I can remember a time, barely more than a decade ago, where the Young Adult market was full of only books about dead dogs from the 1970s. Or the best my students could read of urban life was trying to understand 1960s jargon in The Outsiders… drive-ins were nowhere in site in the Bronx, you see.
That was until Walter Dean Myers.
Scorpions, Slam!, and Monster became required reading. Not because I required them, because my students couldn’t help but pass them around. Walter Dean Myers sat, at least as far as I can tell, at the cusp of what, thankfully, has become an explosion of thoughtful, well written, deeply introspective, Young Adult writing that is aimed at real kids, with real feelings, and respects their real humanity.
One of my favorite’s is Somewhere in the Darkness. Myers’ book about a son reuniting with his recently-out-of-prison father and the cross-country trip they take together. It’s human, dark, and heart wrenching.
I actually teared up at the news of Walter Dean Myers’ passing. Not only for the loss the literary world must now face, but at the enormity of his gift to children and classrooms. I also feel personally indebted. His work has helped me be a better teacher.
I recall, when I was teaching high school, sitting down next to a tough-as-nails ninth grade girl who wore her attitude as armor over the embarrassment I know she felt for having such a poor academic record. She had written only the little bit, about three paragraphs of what was supposed to be a short story. She hrumphed next to me as I reread some of the lines and the first thing that popped into my mind was: “Do you know who you write dialogue like? Walter Dean Myers. He has that way of making people sound so real. People spend their lives studying how to write dialogue well, how to make movie scripts sound realistic and novels authentic. The dialogue you wrote here sounds much the same way. It’s real people, really talking. You aren’t hiding them, you aren’t faking them, you are writing as if they are in this room.” We ended that conference and she spent the rest of the period writing without lifting her head.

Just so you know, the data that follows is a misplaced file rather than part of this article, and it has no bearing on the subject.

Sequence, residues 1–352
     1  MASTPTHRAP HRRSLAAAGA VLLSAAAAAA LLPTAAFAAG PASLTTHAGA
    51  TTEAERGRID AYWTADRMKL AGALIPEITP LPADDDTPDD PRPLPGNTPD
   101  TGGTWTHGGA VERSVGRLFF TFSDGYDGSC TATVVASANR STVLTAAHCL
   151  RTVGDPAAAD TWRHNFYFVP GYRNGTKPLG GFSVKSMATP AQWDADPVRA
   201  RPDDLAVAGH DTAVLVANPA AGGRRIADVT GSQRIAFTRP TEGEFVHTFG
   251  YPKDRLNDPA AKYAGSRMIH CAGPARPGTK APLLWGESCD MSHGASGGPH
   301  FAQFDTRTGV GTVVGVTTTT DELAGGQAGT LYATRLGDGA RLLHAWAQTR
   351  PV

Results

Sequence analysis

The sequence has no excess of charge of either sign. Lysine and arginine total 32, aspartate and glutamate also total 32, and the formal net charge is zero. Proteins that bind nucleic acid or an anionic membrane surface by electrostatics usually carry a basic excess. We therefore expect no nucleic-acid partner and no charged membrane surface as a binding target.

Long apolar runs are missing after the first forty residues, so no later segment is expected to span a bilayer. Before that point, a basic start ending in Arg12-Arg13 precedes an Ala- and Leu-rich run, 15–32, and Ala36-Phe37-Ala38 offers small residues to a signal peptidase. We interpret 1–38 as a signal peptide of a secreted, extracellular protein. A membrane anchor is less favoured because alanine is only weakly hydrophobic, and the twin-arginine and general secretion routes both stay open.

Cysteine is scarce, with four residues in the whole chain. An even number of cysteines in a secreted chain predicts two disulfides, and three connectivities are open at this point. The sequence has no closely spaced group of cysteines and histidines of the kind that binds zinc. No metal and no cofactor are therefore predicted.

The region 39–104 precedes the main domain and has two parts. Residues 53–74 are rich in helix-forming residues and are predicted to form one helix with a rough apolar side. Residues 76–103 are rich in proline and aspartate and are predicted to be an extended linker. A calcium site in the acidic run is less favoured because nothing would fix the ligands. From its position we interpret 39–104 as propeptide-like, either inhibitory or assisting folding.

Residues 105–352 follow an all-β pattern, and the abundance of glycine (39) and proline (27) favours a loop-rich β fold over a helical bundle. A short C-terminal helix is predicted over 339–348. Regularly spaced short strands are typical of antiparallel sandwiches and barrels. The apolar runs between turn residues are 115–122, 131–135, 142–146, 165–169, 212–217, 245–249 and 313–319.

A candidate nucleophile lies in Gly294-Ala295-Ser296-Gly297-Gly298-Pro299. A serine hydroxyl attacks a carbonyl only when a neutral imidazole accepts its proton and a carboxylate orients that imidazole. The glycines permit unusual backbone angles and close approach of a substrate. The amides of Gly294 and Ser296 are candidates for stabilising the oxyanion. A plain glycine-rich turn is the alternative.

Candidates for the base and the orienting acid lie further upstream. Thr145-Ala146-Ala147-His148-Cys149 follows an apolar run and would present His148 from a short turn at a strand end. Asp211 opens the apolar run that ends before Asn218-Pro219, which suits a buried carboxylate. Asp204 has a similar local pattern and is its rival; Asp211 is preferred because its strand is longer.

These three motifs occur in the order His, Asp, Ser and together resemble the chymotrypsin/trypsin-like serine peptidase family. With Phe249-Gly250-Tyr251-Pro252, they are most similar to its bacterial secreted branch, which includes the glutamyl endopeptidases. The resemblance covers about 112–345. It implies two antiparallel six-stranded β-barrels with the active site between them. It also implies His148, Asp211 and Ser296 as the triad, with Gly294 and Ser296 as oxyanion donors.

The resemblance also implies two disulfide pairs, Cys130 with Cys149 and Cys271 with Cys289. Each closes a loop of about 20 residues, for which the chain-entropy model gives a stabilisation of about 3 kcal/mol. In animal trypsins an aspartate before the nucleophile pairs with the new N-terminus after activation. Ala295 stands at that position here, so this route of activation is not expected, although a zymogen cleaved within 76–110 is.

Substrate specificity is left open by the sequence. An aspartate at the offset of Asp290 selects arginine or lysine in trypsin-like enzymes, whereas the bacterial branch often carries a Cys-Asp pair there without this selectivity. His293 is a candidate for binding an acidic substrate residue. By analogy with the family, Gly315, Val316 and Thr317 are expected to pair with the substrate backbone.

It’s one of my fondest memories from the classroom, and, as with many of my memories, Walter Dean Myers’ work played a starring role.
While the Young Adult industry has a long way to go to realize a breadth of fully inclusive characters, plots, and authors, our classrooms are still much closer to reflecting a multitude of lives and experiences than ever before. Walter Dean Myers has been a cornerstone of this new world. A prolific author. A quiet visionary.
With condolences to his family, friends, and readers — and overwhelming gratitude.